My street has always been filled with kids running amok. Hardly a summer day goes by without a ball of some sort bouncing off my car or a living room window. Game patterns cover the street in pastel colored chalk, and backyard hoses are stretched to the limit, aimed for passers-by. Winter days calm down a bit, with snowballs being the weapons of choice. Sleds and saucers put the old folks at risk. In the bitter cold, refuge is sought at a number of houses. I pray to be last on the list, hoping my constant harping and purposeful intimidation throughout the summer is a memorable deterrent.
Our neighbor across the street has an interesting relationship with the kids. Norma is a cross between a referee and a doting grandmother. Each summer she opens her garage for a clubhouse, subject to certain rules. Night time movies are shown to the street urchins, complete with popcorn and juice. A trip to the zoo occurs each spring, and this year a “kid’s community garden” was organized in one corner of her own perfectly kept floral showcase.
The little guy is fascinated with Norma, and has successfully wormed his way into her heart. He stopped asking her out on dates a few years ago. They had a heart-to-heart on her front steps, and after a day or two of heartache, the little guy decided that he liked her macaroni and cheese better than the idea of a girlfriend.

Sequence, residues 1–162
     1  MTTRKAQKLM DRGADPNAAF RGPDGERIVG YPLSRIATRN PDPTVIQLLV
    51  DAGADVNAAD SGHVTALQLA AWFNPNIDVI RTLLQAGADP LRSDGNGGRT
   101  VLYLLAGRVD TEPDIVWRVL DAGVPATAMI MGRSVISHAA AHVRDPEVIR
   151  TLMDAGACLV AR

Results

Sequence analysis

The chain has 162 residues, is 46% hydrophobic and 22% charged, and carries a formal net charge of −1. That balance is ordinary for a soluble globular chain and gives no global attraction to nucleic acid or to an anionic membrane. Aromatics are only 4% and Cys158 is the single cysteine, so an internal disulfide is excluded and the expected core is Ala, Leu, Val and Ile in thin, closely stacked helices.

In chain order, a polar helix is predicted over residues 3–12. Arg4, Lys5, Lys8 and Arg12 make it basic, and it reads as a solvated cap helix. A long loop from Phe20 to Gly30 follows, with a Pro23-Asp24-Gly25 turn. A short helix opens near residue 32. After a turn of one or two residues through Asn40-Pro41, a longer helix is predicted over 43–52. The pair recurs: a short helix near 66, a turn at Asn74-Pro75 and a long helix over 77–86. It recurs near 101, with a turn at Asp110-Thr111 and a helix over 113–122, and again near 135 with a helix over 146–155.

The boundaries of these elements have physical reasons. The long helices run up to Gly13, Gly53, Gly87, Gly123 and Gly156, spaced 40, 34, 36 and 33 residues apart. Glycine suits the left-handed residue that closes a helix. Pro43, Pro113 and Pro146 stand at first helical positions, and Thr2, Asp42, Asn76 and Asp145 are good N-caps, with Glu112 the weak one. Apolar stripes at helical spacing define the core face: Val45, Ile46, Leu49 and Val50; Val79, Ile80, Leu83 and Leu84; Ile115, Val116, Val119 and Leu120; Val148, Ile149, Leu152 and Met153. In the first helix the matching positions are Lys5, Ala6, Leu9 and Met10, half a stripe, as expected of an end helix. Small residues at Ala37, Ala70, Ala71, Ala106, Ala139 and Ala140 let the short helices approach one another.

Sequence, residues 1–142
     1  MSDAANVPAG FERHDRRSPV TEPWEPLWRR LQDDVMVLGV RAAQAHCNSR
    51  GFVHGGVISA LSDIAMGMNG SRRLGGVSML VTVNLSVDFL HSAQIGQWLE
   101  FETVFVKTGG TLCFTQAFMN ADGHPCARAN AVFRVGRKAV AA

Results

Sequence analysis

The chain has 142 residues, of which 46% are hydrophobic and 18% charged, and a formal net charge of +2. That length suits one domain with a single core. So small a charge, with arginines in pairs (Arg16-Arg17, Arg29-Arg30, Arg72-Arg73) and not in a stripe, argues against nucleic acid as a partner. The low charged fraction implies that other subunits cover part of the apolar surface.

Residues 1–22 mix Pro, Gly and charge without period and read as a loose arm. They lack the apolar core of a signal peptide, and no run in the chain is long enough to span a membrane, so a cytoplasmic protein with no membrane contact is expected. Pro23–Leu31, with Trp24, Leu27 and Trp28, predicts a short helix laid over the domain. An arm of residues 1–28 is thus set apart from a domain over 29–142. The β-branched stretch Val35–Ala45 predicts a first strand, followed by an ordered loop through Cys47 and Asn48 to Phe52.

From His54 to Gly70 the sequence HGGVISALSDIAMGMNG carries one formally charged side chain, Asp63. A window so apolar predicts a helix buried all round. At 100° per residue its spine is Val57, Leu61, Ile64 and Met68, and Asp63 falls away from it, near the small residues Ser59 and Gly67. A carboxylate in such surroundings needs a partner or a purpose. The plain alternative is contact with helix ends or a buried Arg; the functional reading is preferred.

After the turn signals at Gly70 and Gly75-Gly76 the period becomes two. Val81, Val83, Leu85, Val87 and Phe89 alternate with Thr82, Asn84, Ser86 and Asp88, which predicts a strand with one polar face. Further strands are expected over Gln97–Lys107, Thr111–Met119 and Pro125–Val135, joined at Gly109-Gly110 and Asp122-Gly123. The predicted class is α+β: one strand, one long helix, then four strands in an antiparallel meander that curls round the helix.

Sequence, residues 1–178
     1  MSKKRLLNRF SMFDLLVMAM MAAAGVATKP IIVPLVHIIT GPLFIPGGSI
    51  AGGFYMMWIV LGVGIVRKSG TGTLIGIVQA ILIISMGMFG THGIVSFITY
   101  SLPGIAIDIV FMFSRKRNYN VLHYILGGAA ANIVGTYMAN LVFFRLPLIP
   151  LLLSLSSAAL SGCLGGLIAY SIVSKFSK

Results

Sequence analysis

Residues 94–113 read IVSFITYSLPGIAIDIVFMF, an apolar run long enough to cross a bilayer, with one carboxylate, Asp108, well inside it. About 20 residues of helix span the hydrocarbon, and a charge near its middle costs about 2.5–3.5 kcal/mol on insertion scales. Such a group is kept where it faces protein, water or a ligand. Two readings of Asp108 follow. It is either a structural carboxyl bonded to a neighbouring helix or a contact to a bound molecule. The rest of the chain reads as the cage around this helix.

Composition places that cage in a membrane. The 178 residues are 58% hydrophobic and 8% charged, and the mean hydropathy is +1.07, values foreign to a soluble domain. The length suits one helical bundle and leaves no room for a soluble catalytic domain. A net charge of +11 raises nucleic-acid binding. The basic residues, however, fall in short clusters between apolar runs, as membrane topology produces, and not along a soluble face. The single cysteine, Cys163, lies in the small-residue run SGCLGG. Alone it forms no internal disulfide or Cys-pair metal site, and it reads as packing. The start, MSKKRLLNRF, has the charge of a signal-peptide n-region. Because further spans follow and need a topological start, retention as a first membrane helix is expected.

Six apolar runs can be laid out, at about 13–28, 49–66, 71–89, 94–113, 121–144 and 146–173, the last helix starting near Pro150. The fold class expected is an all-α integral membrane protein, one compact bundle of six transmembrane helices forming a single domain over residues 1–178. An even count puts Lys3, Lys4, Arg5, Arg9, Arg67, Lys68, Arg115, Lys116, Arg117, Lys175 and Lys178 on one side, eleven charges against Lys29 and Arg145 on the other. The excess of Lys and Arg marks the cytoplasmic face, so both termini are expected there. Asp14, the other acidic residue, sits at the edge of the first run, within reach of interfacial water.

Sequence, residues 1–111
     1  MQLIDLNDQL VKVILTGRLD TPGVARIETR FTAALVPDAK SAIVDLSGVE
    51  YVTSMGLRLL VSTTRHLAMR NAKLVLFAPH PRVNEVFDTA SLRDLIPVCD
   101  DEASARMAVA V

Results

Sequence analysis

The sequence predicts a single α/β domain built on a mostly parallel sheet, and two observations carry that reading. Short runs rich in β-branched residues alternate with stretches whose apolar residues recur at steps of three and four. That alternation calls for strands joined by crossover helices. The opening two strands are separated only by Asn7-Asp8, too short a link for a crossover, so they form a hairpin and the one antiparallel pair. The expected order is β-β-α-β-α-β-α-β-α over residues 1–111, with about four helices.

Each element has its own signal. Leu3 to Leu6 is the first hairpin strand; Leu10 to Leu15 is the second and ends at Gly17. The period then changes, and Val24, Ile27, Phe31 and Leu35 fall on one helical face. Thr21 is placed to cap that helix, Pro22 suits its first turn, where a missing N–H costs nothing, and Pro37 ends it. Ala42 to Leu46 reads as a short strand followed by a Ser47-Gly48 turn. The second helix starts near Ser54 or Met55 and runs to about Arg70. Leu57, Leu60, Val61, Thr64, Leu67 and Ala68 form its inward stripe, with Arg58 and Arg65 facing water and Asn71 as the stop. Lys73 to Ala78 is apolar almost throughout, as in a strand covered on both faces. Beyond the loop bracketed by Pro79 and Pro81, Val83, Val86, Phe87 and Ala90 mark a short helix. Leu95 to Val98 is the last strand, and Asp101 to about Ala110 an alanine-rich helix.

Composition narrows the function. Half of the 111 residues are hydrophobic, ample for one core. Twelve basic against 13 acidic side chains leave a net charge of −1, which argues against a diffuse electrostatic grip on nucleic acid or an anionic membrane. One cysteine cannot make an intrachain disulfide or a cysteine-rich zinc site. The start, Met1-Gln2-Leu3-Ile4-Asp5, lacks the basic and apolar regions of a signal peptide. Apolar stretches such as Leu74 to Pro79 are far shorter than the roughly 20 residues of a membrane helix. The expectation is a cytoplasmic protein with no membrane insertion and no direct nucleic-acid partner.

Norma occasionally watches another youngster named Robert. It’s a given that when Robert is here for a few days, the phone will ring at some point, and an invitation will be extended to the little guy for dinner at “Mamma Mia’s”. Chaos ensues and the search is on for the appropriate attire. Bribes are not needed for a quick shower, but threats concerning good manners abound. The little guy struts across the street looking like a little man (with a cowlick).
When we see Norma the next day waving us over in animated excitement, we know something memorable has happened. A conversation began at Mamma Mia’s when the little guy asked nonchalantly who the “boss” of the street was. Norma thought for a moment and replied, “Well, I am, of course.”
Robert and the little guy seemed okay with her answer. After slurping a few more strings of spaghetti, the little guy asked, “Who’s going to be the boss when you die?”
Norma is a pro at fielding zingers, but I think even this one took her by surprise. She remained pensive and finally said, “Your aunt.”
As I understand it, Robert’s eyes suddenly bugged out of his head and he may have dropped his fork. The little guy, filled with sympathy for Robert’s obvious distress, looked into his spaghetti and said, “Oh, boy, are we in trouble.”
Luckily for the street urchins, the torch will remain across the street for quite some time to come. The wide brimmed straw hat that appears in the garden each spring will resurface in a few short months. Diablo Drive will once again be covered in pastel messages and chalk game boards, and Norma’s movie theater/clubhouse will reopen. Leftover macaroni and cheese with the little guy’s name on it will hold a place of honor in the refrigerator, right next to the garden fresh beets and potato bread. The phone will ring.